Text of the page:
Alliance 8.7 published the Global Estimates of Modern Slavery in 2017 in which it confirmed there to be approximately 40,000,000 people who were believed to be affected by modern slavery in 2016. There is currently thought to be 152 ,000,000 children suffering from exploitation. Modern slavery is the term referred to when discussing exploitation whereby the victim is unable to say no to what is being demanded of him or her, or cannot leave due to the exploiter threatening them, deceiving them, being violent towards them, using their position of power against them or coercing them. This definition includes exploitation with the private economy sector, including forcing the victim into marriage, child exploitation and sexual exploitation of children and adults for money.
The Covid-19 pandemic is having a real impact on people’s lives and their livelihoods as a result of the effect it has had on the economic and labour market. This is reportedly the worst global crisis since the Second World War. The International Labour Organisation estimates that almost half of the worldwide workforce is at risk. Workers in the informal sector have been hit the hardest, suffering huge limitations on their capacity to earn a living. This has resulted in an increase in people’s vulnerability be exploited. Migrant workers, women and children are in the highest risk categories.
Focusing on child exploitation, the United Nations General Assembly declared that 2021 is to be the year by which child exploitation will be eliminated. Point 8.7 of the United Nations Sustainable Development Goals aims to immediately put in place provisions to end human trafficking, forced labour and modern slavery and to prohibit and eliminate the severest forms of child exploitation, to include recruiting children as soldiers, and to eradicate child labour entirely by 2025
What types of child exploitation fall within the definition of modern slavery?
Exploitation of children by forced labour is “work which deprives children of their childhood in general, their potential and dignity and which is harmful to both their mental and physical health”. It refers to work which is mentally, physically, morally or socially dangerous to children and/or interferes with their schooling by denying them the opportunity to attend school, forcing them to leave school early; or obliging them to combine attending school with unreasonably hard work or long hours.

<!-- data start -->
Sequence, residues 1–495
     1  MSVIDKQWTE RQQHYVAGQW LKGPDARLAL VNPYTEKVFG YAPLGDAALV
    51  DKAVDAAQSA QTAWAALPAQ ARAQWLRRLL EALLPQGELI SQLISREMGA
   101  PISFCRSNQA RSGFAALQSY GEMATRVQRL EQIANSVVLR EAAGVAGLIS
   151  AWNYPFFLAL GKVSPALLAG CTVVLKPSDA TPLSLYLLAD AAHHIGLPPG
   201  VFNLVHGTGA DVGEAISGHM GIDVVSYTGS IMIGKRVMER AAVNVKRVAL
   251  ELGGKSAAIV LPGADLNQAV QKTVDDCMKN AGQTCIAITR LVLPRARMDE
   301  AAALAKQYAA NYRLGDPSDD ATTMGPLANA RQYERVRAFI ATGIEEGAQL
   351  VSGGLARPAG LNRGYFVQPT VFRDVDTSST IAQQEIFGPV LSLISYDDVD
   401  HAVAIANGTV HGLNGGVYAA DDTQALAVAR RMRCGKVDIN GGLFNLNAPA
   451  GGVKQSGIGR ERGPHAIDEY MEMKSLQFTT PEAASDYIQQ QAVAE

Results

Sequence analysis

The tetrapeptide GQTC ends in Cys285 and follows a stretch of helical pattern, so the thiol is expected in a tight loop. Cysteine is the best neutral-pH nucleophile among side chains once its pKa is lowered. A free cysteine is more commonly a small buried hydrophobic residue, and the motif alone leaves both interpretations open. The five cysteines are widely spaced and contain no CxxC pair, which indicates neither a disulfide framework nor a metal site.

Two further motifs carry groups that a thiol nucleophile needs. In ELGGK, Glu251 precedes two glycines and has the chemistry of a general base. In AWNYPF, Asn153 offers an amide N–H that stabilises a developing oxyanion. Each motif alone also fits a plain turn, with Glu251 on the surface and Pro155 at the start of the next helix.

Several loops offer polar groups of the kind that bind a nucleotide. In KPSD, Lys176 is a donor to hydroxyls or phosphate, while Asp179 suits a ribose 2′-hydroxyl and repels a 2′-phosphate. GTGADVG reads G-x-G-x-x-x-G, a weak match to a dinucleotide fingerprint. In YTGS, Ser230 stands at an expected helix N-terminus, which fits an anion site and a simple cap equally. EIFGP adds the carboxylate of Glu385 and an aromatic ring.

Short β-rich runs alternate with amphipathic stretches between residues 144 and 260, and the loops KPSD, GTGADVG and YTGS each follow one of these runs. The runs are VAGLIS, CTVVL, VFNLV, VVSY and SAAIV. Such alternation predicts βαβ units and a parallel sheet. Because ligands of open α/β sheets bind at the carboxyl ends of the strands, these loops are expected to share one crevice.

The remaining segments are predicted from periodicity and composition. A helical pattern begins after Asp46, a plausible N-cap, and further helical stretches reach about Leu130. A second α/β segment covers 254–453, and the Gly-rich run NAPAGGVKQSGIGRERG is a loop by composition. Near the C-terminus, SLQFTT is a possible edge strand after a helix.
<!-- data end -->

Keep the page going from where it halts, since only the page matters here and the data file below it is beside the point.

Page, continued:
The severest types of child exploitation, according to the ILO, Worst Forms of Child Labour Convention, 1999 (No. 182), Article 3 are slavery including treating the child as though they were property, selling and/or trafficking, serfdom, debt bondage where the child is given to an exploiter to settle a debt, sexual exploitation of children through prostitution or pornography, forced labour, or using the child for illicit activities such as drug trafficking
Exploitation by organised criminal networks is emerging, such as using children in forced begging. There are street children , those who have run away, and children living in poverty who are used by organised gangs too. Another form of emerging exploitation of children is orphanage trafficking where criminal networks set up orphanages as a front to obtain profits and the children are taken from their family, potentially sexually abused or forced to work or beg. Some may be sold for illegal adoption.
Covid 19 has had a real impact on those who are subjected to human trafficking. There is also the impact of quarantine and the risk of re-victimisation.
There are undocumented migrants living in informal settings with no access to social services or healthcare who are unable to protect their own health and that of their families. More important than the social consequences of Covid 19, since the opportunities to earn money are decreasing, exploited people are no longer able to meet the expectations of their exploiters who are turning to more violent methods to coerce them, especially where the abuse is sexual, where women and girls are the most likely victims.
Due to the quarantine, many victims were trapped in countries where they were exploited without the chance to complete the migration efforts they had embarked on, which is also the case for many youngsters trying to reach their families, caught up in transit countries and being exploited sexually, made to work or engage in criminal pursuits or obliged to partake in organised begging..
What should governments do to address child labour after the pandemic?
The formula used in trafficking against persons is one of protection, prevention and prosecution. When the government is addressing the question of modern slavery after the pandemic, the formula should be reflected in their deliberations. In terms of protection more should be done to identify victims, more support should be made available and more robust systems need to be put in place to protect children.
With regard to prevention, there should be measures in place to increase awareness of children’s rights in our society and the school curriculum should include education about issues such as modern slavery. In respect of prosecution, we need to have more vigorous systems of investigation, there needs to be better training of police officers and sentences that would be more of a deterrent.
Finally, there should also be the introduction of corporate criminal liability where the exploiters are hiding behind a corporation which uses child exploitation in their supply chains.